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i spend about half to 3/4 of each day just reading in my room in Saint Catharine’s, enjoying the freedom. Freedom from work and also from computers. i am increasingly suspicious of computers, both for reading and writing – the former addictive, so i can easily spend hours “channel-hopping” in a zombie-like trance: and for the latter, it’s too easy to write on computers. i type at about 80 to 90 wpm and can (too easily) let the words form themselves, in chains and superficial symmetries bearing no strong connection to anything but – themselves. i’m unsure how to resist the laptop when i return to my bedroom in Ultima Thule. Perhaps i should smash it with a human thigh bone in a 2001-like frenzy, or maybe i should give it to my hippy flatmate and instruct him to deny me access except between the hours of 9 and 10 pm, though being a hippy he would instantly sell it for drugs and incense.
i spent yesterday evening reading Wallace Stevens and the Philosophical Investigations, the latter in Anscombe’s excellent translation. It’s possible to increase one’s reading concentration, both in depth and duration, by tandem reading, perhaps 10 minutes on each. No 76 in the PI puts me in mind of Stevens:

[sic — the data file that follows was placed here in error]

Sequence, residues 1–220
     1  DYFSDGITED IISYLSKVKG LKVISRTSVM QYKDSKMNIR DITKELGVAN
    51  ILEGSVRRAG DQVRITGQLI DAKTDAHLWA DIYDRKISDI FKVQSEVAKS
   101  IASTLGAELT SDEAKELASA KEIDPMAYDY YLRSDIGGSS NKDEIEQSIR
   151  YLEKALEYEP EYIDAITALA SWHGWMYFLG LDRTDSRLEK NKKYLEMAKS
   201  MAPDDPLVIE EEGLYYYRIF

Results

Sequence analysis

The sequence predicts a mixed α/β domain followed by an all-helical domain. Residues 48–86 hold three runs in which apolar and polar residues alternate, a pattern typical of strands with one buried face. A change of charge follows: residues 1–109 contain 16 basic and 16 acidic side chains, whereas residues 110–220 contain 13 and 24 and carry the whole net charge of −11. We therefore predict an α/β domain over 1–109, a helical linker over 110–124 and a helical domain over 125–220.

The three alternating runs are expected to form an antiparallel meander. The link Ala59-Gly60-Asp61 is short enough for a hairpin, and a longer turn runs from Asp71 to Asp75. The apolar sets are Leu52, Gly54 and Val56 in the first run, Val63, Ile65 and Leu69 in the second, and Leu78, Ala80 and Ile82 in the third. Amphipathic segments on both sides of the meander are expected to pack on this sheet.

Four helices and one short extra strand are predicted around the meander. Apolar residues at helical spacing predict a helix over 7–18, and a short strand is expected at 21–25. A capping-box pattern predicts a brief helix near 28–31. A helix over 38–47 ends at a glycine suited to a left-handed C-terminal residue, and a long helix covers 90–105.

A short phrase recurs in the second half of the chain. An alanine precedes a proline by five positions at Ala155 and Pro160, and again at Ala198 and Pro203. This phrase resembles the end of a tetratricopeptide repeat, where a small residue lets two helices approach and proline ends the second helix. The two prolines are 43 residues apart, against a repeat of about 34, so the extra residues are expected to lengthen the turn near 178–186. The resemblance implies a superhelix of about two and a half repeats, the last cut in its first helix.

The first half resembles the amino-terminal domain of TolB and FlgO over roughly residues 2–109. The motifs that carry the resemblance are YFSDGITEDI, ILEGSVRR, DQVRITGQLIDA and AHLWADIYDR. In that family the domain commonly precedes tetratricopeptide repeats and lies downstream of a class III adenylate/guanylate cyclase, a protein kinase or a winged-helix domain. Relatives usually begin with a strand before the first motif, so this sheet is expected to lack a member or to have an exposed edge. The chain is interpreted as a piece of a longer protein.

If someone were to draw a sharp boundary I could not acknowledge it as the one that I too always wanted to draw, or had drawn in my mind. For I did not want to draw one at all. His concept may then be said to be not the same as mine, but akin to it. The kinship is that of two pictures, one of which consists of colour patches with vague contours, and the other of patches similarly shaped and distributed, but with clear contours. The kinship is just as undeniable as the difference.
In der Tautologie bildet der Elementarsatz selbstverständlich noch immer ab, aber er ist mit der Wirklichkeit so lose verbunden, daß disese unbeschränkte Freiheit hat. Die Kontradiktion wieder setzt solche Schranken, daß keine Wirklichkeit in ihnen existieren kann.
In the tautology the elementary proposition does, of course, still portray, but it so loosely connected with reality that reality has unlimited freedom. Contradiction in its turn imposes such limitations that no reality can exist under them.
(Wittgenstein´s journals 12 November 1914, tr. Anscombe)